On investments amid coronavirus, this, too, shall pass
If the booming stock market during the past couple of years has prompted you to consider whether your 401K will permit early retirement, forget it. Stocks, and thus pension funds on which many Americans rely, have taken a beating during the past month.
How bad is it? During the month that ended Monday, the Dow Jones Industrial Average on the New York Stock Exchange dropped by more than 5,400 points — nearly one-fifth of its value. Then a sell-off Thursday on Wall Street helped to wipe out most of the big U.S. gains since President Donald Trump took office in 2017.
Around the world, stock exchanges have taken the worst beating since 2008.
Blame panic over COVID-19, in part. Worried investors have taken huge losses in their drive to unload stocks in favor of what they view as more secure. Gold prices have gone up more than 6 percent during the past month (strangely enough, silver prices have decreased).
Friday began on a brighter note, with global financial markets surging and clawing back a small slice of their losses, following the news that the Trump administration and House Democratic leadership were nearing an agreement on a coronavirus aid package aimed at reassuring anxious Americans by providing sick pay, free testing and other resources.
But another factor in the past few weeks has affected the markets: Oil prices have plummeted. Analysts say a price war between Saudi Arabia and Russia is to blame. Both major petroleum producers have slashed prices, by about 25 percent, in attempts to gain market share in the mindset of a global glut in supply. Shale drilling may be linked to some of that.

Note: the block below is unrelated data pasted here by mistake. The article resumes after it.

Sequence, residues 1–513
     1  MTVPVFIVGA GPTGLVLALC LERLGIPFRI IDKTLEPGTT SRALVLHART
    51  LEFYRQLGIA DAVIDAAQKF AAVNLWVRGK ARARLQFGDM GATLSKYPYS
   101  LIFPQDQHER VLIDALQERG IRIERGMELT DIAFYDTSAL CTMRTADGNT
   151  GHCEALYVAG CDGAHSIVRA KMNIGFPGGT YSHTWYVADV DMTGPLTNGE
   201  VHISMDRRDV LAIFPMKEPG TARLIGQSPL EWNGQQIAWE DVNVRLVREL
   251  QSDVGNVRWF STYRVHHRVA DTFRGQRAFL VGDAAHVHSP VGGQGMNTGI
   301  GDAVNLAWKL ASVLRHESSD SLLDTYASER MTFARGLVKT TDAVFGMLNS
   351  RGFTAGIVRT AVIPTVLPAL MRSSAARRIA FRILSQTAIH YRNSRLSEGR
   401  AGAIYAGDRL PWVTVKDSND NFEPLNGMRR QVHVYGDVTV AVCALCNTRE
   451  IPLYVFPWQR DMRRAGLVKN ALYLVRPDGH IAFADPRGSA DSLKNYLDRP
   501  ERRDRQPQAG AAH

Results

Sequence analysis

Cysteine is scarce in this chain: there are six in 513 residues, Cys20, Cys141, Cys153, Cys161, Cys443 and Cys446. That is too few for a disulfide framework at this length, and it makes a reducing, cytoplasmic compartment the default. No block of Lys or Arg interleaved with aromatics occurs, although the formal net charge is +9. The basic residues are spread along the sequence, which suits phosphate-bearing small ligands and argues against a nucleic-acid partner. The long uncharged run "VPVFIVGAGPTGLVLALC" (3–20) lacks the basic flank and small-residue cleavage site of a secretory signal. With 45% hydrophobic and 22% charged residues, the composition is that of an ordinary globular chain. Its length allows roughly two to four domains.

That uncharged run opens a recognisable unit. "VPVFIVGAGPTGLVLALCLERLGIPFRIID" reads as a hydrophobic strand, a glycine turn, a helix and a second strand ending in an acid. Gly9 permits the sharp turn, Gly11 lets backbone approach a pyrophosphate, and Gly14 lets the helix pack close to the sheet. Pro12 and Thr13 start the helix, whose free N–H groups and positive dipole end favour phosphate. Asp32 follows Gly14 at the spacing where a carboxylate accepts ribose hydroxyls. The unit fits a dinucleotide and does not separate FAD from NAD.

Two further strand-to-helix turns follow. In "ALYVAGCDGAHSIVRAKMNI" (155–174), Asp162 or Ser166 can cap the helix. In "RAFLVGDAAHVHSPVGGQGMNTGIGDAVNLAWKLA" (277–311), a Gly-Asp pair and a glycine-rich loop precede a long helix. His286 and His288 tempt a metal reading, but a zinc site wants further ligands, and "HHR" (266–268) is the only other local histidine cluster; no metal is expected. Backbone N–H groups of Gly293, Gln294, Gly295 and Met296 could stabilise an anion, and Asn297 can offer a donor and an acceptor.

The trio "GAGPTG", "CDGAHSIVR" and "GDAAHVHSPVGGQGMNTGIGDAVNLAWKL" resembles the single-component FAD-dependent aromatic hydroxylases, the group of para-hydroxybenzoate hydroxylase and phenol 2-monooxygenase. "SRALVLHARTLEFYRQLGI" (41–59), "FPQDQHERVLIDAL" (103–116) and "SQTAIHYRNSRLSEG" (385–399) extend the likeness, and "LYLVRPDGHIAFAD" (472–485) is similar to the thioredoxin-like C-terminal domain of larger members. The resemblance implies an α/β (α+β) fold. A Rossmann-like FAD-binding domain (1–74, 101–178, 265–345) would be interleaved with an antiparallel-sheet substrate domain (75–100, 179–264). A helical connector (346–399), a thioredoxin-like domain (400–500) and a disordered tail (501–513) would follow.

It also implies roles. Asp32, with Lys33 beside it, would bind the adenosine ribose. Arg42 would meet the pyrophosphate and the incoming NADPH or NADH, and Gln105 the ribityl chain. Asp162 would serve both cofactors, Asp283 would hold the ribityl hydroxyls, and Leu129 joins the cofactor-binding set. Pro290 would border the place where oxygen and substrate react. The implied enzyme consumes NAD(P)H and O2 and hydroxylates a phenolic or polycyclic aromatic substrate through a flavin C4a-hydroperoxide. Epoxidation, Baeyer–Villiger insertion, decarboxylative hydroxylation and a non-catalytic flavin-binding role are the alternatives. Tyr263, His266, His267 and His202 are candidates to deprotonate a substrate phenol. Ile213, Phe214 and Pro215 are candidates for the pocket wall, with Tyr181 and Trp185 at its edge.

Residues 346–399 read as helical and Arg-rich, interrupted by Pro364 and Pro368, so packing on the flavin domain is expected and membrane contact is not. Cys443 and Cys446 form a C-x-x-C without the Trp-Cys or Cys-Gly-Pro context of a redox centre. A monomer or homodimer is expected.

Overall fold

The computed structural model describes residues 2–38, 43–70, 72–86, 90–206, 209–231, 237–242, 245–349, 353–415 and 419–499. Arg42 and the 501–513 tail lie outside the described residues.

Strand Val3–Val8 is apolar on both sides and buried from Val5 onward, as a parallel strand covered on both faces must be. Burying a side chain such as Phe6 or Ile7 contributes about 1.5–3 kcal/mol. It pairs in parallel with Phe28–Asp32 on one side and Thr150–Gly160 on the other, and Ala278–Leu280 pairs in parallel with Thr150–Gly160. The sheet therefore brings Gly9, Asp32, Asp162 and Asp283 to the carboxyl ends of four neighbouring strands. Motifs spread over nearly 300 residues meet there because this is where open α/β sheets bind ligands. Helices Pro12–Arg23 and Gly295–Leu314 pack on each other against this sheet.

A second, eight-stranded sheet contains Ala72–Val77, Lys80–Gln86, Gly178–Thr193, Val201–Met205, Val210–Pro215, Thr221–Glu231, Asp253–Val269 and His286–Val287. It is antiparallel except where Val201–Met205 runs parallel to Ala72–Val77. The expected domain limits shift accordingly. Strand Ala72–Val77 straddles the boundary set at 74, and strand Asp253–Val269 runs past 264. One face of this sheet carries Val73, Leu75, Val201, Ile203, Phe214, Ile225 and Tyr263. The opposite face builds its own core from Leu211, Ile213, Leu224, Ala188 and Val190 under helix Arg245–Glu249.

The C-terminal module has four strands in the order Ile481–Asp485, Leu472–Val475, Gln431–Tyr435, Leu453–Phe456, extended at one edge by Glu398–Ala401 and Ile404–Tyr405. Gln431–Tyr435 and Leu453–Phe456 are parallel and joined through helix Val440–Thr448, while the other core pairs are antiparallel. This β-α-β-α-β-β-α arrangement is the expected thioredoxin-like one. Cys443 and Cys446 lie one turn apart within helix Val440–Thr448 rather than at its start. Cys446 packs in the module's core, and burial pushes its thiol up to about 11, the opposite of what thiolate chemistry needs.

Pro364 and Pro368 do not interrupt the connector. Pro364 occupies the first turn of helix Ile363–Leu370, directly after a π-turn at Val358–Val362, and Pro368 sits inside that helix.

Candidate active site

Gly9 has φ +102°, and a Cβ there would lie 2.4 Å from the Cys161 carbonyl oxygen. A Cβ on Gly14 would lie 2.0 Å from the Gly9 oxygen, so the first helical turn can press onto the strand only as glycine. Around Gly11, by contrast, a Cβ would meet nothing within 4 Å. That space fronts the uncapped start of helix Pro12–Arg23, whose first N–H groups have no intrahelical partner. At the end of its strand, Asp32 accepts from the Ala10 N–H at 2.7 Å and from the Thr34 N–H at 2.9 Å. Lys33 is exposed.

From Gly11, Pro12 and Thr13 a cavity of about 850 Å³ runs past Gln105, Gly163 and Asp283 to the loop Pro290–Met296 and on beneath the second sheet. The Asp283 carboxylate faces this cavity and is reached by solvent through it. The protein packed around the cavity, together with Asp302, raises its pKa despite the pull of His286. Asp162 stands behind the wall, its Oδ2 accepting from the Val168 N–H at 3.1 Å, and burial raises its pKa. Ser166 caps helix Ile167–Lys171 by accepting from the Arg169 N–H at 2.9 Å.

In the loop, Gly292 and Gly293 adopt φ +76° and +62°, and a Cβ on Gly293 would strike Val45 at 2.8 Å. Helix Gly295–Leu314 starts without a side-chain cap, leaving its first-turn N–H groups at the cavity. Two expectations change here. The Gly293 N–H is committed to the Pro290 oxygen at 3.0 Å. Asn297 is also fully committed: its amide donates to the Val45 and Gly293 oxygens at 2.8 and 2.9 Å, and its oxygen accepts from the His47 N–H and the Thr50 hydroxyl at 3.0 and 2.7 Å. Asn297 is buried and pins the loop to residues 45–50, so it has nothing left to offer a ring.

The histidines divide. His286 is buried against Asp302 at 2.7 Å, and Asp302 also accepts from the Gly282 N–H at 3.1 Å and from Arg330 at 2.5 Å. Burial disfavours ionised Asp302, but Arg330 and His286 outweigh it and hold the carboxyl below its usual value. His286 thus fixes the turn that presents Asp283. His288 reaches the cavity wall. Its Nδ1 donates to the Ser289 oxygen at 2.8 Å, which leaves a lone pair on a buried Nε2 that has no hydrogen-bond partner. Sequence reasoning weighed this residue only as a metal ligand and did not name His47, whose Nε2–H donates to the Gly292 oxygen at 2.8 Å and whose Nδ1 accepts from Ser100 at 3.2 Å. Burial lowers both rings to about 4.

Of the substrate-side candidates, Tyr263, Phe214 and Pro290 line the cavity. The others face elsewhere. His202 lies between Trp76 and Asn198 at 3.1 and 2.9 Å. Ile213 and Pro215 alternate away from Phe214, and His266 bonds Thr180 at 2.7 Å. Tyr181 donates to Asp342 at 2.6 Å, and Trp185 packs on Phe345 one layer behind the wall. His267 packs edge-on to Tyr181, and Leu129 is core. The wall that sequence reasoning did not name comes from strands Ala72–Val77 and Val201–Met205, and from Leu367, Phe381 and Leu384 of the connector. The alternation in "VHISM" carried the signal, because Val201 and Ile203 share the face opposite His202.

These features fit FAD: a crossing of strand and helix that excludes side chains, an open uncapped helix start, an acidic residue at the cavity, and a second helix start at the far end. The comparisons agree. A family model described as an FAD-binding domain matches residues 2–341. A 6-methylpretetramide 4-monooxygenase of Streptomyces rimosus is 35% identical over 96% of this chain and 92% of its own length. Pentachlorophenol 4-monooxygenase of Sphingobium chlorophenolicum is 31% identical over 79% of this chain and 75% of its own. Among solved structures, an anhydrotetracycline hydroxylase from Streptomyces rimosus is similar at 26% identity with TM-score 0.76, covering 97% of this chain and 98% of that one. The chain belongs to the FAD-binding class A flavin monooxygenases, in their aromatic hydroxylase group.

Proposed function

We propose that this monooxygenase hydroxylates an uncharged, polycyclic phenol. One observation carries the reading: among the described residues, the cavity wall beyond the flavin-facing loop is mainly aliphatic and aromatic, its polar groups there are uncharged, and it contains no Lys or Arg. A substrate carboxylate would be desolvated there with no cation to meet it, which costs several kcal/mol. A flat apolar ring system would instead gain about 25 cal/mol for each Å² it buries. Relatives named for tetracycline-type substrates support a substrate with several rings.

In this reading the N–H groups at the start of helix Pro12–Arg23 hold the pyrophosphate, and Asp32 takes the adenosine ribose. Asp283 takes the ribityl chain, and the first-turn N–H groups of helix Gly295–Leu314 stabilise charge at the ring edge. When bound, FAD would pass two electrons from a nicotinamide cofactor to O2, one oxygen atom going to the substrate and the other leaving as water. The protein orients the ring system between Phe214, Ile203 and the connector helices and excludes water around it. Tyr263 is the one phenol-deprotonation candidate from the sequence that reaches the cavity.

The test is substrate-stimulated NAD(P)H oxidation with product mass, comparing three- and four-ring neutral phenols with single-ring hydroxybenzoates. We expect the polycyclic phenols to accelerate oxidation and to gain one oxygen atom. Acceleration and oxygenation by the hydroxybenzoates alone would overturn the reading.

What can be done about the situation? Not much. The Federal Reserve already has reduced its short-term interest rate to 1 percent, down from 1.25 percent. Some have suggested the Fed should cut rates even more.
Little can be done about energy prices. Slumps in both oil and natural gas were predictable and quite likely unavoidable. That is good for motorists at the pump and homeowners who heat with gas — but bad for those who have invested in energy stocks.
As for panic over COVID-19, there is something that can be done: Calm down, people.
Analysts have pointed out that the U.S. economy remains strong. The “fundamentals” are solid. Dumping stocks out of fear is irrational — and a gift to shrewd investors with enough money to pick up good stocks and, during coming years, watch them increase in value significantly.
So, if you have any say over your investments — and you may have some, even if a professional manager handles your retirement money — don’t go off the deep end. This, too, shall pass.